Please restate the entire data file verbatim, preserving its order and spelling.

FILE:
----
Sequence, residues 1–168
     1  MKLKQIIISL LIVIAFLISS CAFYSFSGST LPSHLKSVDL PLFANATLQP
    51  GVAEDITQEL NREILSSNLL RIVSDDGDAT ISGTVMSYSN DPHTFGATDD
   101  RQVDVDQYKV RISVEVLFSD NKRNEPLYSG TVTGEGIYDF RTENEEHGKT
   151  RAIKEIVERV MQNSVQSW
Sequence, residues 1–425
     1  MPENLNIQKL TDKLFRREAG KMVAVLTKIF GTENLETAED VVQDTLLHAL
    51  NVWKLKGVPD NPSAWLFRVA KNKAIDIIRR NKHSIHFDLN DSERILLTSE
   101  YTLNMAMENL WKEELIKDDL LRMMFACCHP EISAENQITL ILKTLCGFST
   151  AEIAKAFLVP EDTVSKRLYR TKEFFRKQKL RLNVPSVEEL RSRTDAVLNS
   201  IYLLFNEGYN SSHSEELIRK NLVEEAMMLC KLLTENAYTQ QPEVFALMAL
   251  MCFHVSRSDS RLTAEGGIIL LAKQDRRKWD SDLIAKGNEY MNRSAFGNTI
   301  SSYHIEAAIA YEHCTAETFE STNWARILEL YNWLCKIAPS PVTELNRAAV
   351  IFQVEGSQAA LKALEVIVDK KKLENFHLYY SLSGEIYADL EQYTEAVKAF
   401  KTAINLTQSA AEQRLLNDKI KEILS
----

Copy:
Sequence, residues 1–168
     1  MKLKQIIISL LIVIAFLISS CAFYSFSGST LPSHLKSVDL PLFANATLQP
    51  GVAEDITQEL NREILSSNLL RIVSDDGDAT ISGTVMSYSN DPHTFGATDD
   101  RQVDVDQYKV RISVEVLFSD NKRNEPLYSG TVTGEGIYDF RTENEEHGKT
   151  RAIKEIVERV MQNSVQSW
Sequence, residues 1–425
     1  MPENLNIQKL TDKLFRREAG KMVAVLTKIF GTENLETAED VVQDTLLHAL
    51  NVWKLKGVPD NPSAWLFRVA KNKAIDIIRR NKHSIHFDLN DSERILLTSE
   101  YTLNMAMENL WKEELIKDDL LRMMFACCHP EISAENQITL ILKTLCGFST
   151  AEIAKAFLVP EDTVSKRLYR TKEFFRKQKL RLNVPSVEEL RSRTDAVLNS
   201  IYLLFNEGYN SSHSEELIRK NLVEEAMMLC KLLTENAYTQ QPEVFALMAL
   251  MCFHVSRSDS RLTAEGGIIL LAKQDRRKWD SDLIAKGNEY MNRSAFGNTI
   301  SSYHIEAAIA YEHCTAETFE STNWARILEL YNWLCKIAPS PVTELNRAAV
   351  IFQVEGSQAA LKALEVIVDK KKLENFHLYY SLSGEIYADL EQYTEAVKAF
   401  KTAINLTQSA AEQRLLNDKI KEILS